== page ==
• Vendor controls:  Third party vendors can be the source of a system compromise, as highlighted by the Target breach (which originated from the system of a HVAC vendor).  Companies should make sure that vendors who can access their network have information security policies at least as strong as their own.  These policies should be audited periodically and contractually required to be in place throughout the period of engagement.
  • Other Contracts:  As business interactions are becoming more and more electronic, you will likely find your company in the opposite position of having to sign an agreement with a company that is granting you access to their systems.  It is also important to carefully review any such contracts to ensure balanced assumptions of liability and that your policy meets applicable insurance requirements.
  • Investment in information security technology:  There are many technical solutions to prevent and identify data loss.  These include advanced firewalls, Data Loss Prevention (DLP) software, anomaly detection, Security Incident and Event Management (SIEM) software, among others.  Companies who deploy and properly configure these technologies are less likely to experience a breach of confidential information.
  • Development of an Incident Response Plan (IRP) and Incident Response Team (IRT):  Companies who plan and prepare for a data breach will be better suited to deal with an actual incident.  The IRT should include all employees (including their backups) and critical vendors who will be in decision-making roles in response to a breach of confidential information. The IRP outlines the procedures that should be used immediately upon discovery of an actual or suspected data breach.  The IRT should engage in a “tabletop” simulation of a cyber security event in which the IRP is deployed and refined.
  • Breach response service providers:  The best time to identify vendors who will be engaged to respond to a data breach is before an incident takes place.  Computer forensics, outside counsel specializing in privacy law, call centers, notification providers, and public relations firms are likely to be needed in responding to a privacy event.  It is critical that these services can be engaged quickly, and substantial savings are possible if rates are negotiated prior to an actual event.  Ideally the insurance company writing a cyber liability policy will have affiliations with vendors who can assist in these functions.  However, not all cyber insurance companies have such breach vendor relationships – and some have negotiated better terms than other insurance companies.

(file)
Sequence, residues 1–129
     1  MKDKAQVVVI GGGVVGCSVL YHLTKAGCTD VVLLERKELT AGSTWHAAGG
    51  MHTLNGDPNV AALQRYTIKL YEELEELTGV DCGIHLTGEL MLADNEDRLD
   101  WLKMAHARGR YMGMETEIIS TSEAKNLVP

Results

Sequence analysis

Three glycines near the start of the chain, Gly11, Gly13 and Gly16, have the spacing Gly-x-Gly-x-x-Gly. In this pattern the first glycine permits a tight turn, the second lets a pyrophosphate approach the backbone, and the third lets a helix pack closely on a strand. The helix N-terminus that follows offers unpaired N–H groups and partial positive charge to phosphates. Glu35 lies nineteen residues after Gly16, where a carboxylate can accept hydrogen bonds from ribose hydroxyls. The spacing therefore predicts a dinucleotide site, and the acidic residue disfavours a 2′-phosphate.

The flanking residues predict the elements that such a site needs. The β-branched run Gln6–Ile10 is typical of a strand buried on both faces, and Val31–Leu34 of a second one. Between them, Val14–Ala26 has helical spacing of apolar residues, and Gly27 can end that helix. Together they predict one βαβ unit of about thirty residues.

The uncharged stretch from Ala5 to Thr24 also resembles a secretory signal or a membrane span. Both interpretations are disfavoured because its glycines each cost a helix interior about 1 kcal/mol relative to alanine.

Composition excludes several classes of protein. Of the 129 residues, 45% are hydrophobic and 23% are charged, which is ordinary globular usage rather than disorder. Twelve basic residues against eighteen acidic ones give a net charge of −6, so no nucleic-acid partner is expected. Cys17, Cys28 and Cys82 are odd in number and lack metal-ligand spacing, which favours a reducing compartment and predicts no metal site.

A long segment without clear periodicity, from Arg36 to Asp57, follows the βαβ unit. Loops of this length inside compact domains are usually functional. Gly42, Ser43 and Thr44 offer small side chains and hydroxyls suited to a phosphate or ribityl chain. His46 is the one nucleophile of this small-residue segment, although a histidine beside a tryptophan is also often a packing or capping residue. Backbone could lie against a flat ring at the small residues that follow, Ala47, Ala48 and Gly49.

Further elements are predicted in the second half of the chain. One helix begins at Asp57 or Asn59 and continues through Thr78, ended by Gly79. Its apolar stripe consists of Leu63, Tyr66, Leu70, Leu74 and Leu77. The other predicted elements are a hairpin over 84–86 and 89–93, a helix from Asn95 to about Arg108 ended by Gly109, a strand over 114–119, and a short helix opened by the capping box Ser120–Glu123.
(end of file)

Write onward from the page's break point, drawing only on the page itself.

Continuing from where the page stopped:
• Data destruction policy:  A company can reduce their data breach exposure by purging sensitive information that is no longer needed.  A policy of reviewing stored information periodically and deleting unnecessary files can minimize the scope of a data breach or eliminate it altogether.  Along with data destruction, some companies may choose to store their sensitive data in an encrypted environment which is off their network (aka air-gapping)
  • Physical security policy:  Computer systems which contain sensitive information should be housed in secure environments with limited access.  Key cards or biometric readers should be used to restrict access to only approved personnel.  This policy should apply to a company’s own facility as well as any co-location, or data centers run by third parties.
  • Robust password requirements:  User access to sensitive information should require strong passwords that are changed at least every 90 days.  Multi-factor authentication should be used to ensure that a bad actor cannot utilize stolen credentials to gain access. Finally, a procedure should be in place to deactivate passwords and user accounts when employees leave/change roles.
  • Contractual protections:  Agreements with third parties who are in possession of a company’s sensitive information (or are granted access to it) should be written to specifically address each party’s responsibility in the event of a breach.  Factors to consider include which party will be responsible for coordinating a response, who will cover associated costs, and who will engage and pay breach response vendors.

Durham, North Carolina – Insurance People of NC, an independent insurance and risk management firm, announced that Mitch Kaufmann, Risk Advisor has been awarded the Accredited Cyber Risk Advisor (ACRA) designation by the Beyond Insurance Global Network.  The Accredited Cyber Risk Advisor is a unique type of insurance agent who understands today’s broad range of cyber exposures, regulations and claims facing businesses both nationally and internationally.